Two For One: Fantastic Four #602

History Note: Hickman’s run can get really confusing at times, so I’m going to do a little bit note each issue about a character. Today’s is on Maximus the Mad. (He looks like a space version of Luke Cage to me in this issue, also starting to run out of people for this)

Powers:He has a superior intellect over most of his Inhuman brethren, as well as telepathic powers gifted to him by the Terrigan Mists. He can create short term amnesia and numb the effects of pain in the mind, but due to mental instability, his powers are very limited.

Fantastic Fact: He was voiced by Mark Hamil in the 1994 Fantastic Four cartoon.

Importance to Fantastic Four: Once a villain against both the Fantastic Four and his brother Black Bolt, since Black Bolt’s return, Maximus has returned to join Black Bolt’s council as his Science adviser and helped design Attilian’s war machines.




The Accused:

Writer: Johnathan Hickman

Artist: Barry Kitson

Inks: Barry Kitson

Colors: Paul Mounts

Letters: VC’s Clayton Cowles

Cover: Mark Choi & Morry Hollowell

Editor: Tom Breevort, Lauren Sankovitch, John Denning


Forever the same: Johnny Storm’s Annihilation Wave is being badly defeated by the Kree, despite the Inhumans intervention. At the same time, Earth is being destroyed by the debris from the Annihilation Wave being destroyed. As a last measure, Reed  and Sue summon Galactus to the playing field, who is angry they summoned him for the wrong reason. While the Kree is planning on destroying the Inhumans for good, Galactus destroys the Kree Armada. The Supremor orders the Kree to fight to the last man in order to destroy the Inhumans, but then the Celestials arrive and Galactus reveals this is why he is needed; Galactus vs. the Mad Celestials for the fate of Earth.

Flame On: Barry Kitson, how I love thee. His art is on fire this issue, where he inks himself according to an absence of inkers on the title page. His backgrounds are breath taking, his characters (both up close and in the background) are rendered nicely, and his portrayal of the Fantastic Four’s powers are fun and creative, especially Reed’s. And his rendition of Galactus? Badass is probably the only term that could describe it. He really manages to pick up the slack of Hickman’s script in this issue, maybe more so than ever before and I’m really glad he gets to draw next issue’s battle between Galactus and the Mad Celestials.

Rock Solid: Galactus steals the show in this issue centered on his chess piece moving on to the playing field. Cryptic, but not to the point of annoyance, he sets up potential for Reed to ultimately save the day. (My money is still on Franklin though) Galactus is here to be the unbeatable playing piece, draining four planets of their life force in rapid succession in preparation for his upcoming battle with the Mad Celestials, who have been on a killing rampage in the Future Foundation title.

Sue Storm once again takes ass and kicks names, defending her unconscious husband and looking damn fine well doing so. She even shows a strand of sympathy in her attack, which would make it all the more frightening if you were those Kree warriors. And considering it was her who decides to call in Galactus, that makes her probably the most valuable human player this issue, since Johnny’s fleet failed to save Earth.

Intangible: Johnny Storm is just as fierce a warrior as his sister in this issue, perhaps even more so, but as much as I like this more mature take on Johnny, I would love to see him crack at least one joke. Ben doesn’t seem too bothered by the end of the world to make lame jokes, someone shut him up please, so why can’t Johnny or Peter make one genuinely lame funny joke that would lighten the mood for a second? Johnny being the key character in this storyline has come to an end at this point, he’s just a member of the Fantastic Four again.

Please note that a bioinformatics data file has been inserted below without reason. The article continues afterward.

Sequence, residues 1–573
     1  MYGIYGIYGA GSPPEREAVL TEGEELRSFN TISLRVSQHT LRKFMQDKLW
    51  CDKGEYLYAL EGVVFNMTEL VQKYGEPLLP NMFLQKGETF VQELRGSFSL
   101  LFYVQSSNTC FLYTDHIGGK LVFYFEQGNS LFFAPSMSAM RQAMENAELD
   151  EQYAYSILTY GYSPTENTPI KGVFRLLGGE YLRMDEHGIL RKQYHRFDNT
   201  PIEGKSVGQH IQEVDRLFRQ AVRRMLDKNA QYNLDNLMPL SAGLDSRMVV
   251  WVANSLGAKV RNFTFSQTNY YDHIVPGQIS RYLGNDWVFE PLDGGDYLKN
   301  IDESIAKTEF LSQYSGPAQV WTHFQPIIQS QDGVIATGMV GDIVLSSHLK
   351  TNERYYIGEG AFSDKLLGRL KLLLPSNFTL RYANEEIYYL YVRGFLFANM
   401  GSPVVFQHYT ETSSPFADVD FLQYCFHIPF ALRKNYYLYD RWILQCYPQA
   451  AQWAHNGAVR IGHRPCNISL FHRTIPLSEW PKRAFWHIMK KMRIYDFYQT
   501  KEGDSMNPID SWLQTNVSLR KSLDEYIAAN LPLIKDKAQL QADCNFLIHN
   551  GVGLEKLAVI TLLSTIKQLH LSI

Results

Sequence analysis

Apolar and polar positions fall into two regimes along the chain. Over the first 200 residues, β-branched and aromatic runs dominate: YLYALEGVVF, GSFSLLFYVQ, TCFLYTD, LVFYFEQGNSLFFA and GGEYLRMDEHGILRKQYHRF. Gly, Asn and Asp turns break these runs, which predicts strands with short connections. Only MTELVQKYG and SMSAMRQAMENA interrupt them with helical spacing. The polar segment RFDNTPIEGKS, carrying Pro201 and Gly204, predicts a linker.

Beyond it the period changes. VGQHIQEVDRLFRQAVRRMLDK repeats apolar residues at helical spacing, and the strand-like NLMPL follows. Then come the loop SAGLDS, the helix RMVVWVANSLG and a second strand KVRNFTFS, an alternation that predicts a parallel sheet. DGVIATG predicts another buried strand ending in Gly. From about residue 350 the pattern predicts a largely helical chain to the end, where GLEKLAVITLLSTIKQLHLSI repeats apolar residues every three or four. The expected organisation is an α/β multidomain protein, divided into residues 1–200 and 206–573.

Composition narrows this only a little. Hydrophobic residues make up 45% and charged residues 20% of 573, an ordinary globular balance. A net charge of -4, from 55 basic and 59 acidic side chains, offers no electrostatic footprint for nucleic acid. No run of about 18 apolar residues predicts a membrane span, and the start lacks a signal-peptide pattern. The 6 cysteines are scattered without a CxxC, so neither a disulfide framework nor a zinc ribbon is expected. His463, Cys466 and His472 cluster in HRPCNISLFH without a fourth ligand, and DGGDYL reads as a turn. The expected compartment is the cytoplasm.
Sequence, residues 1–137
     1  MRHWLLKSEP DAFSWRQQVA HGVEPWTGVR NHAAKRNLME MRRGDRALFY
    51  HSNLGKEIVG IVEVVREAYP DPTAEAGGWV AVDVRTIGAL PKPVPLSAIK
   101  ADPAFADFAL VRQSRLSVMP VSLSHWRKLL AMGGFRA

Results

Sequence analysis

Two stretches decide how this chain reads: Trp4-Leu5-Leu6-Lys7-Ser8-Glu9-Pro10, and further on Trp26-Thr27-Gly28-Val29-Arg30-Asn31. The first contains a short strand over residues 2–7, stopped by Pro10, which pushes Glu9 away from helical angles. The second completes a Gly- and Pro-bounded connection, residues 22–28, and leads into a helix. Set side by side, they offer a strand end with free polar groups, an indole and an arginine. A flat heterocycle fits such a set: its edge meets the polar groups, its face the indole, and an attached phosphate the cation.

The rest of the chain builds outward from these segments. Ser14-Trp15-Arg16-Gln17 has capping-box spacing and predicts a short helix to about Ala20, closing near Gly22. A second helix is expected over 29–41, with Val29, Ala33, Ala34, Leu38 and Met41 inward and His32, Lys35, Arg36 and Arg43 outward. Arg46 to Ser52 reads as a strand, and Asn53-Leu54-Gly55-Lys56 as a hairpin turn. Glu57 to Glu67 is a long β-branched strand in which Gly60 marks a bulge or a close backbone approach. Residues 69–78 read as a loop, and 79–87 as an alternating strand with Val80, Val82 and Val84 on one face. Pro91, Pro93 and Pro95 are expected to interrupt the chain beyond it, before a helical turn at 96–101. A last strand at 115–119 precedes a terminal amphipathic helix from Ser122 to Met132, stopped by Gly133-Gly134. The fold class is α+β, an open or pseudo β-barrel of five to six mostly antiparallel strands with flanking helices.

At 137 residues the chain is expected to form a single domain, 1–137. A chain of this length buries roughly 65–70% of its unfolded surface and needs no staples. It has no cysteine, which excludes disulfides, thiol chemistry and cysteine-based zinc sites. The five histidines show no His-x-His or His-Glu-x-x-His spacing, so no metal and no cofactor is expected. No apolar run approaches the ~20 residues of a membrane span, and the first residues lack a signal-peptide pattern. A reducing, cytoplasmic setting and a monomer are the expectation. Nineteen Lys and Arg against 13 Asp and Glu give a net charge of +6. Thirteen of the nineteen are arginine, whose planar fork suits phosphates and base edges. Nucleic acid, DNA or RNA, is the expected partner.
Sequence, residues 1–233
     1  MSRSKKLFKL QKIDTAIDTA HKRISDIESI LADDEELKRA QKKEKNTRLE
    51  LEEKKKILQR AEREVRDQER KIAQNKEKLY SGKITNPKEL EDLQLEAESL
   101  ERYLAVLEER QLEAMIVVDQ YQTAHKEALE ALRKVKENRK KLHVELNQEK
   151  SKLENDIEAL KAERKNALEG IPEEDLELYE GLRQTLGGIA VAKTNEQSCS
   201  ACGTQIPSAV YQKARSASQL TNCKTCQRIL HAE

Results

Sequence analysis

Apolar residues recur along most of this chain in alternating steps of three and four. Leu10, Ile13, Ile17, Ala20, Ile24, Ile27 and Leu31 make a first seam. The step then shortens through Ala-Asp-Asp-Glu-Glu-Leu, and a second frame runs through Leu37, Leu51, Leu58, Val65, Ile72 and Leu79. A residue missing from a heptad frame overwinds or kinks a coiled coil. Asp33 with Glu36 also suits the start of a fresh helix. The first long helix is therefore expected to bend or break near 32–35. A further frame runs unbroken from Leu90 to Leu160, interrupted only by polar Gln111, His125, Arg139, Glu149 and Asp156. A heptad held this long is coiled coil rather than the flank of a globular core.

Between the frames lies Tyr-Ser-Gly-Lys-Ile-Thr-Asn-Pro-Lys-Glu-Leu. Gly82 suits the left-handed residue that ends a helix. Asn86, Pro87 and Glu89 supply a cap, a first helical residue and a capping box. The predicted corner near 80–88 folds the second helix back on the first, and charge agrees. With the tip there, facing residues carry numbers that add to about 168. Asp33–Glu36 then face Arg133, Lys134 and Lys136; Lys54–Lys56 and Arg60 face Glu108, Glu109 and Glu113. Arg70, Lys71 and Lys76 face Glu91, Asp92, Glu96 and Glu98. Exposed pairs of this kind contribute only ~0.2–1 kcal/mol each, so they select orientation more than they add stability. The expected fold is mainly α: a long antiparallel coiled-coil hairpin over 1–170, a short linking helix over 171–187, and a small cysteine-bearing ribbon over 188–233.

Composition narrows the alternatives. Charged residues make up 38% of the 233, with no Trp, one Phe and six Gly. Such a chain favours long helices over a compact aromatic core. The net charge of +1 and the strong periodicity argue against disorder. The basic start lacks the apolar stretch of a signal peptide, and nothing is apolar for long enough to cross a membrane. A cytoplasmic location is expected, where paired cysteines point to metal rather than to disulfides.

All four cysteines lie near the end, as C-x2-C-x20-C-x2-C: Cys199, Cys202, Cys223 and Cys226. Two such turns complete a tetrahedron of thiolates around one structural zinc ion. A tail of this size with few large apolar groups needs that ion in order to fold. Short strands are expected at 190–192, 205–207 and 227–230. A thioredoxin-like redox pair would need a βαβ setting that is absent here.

The heroes fighting the debris on Earth is beautiful to look at, but ultimately pointless. Actually the scenes on Attilian and with the Supremor are pointless as well at this point, since Galactus and the Celestials made all they talked of doing against one another a moot point for this issue. Not to mention the dialogue in all three non Fantastic Four scenarios was nothing to be impressed by.


Stretched Too Thin: There was nothing wrong per say about this issue, it was just one big fight scene. Well, except for the use of a certain beloved character in this issue… 

 A Blue Moment: Spider-Man literally has two lines this whole issue, neither of which are jokes or smart and it really felt like Hickman was just randomly handing out obvious statements to characters on a rotation. And when they do a group reaction shot, Spider-Man is half cut out of the damn image. That being said, Spider-Man does look to be kicking some ass in the fight scenes, until Johnny hogs all the glory. Still, he does nothing that requires him being here all issue, unless you count the fact he’s still holding Johnny’s Annhilius, which made me chuckle; Spider-Man’s future with the Fantastic Four has become that of a dog walker, taking aliens for walks and cleaning up their mess is mandatory.

If you’re actually wondering about his future in the Fantastic Four books, read the FF #14 review coming out later today.


Forever isn’t long at all, when I’m with you: As I stated earlier, this issue served two purposes. One was to bring Galactus to the stage in time for his fight against the Mad Celestials. The other was to show a fight that showed just how screwed the Earth is, but we’ve seen this for the last two issues as well. The script has some truly great moments with characters like Sue Storm, but has some truly bad dialogue with characters like Ben Grimm. In the end though, Barry Kitson’s art saves this issue and gives the oomph it needed to break even of coming directly in the middle of a rating. 3/5

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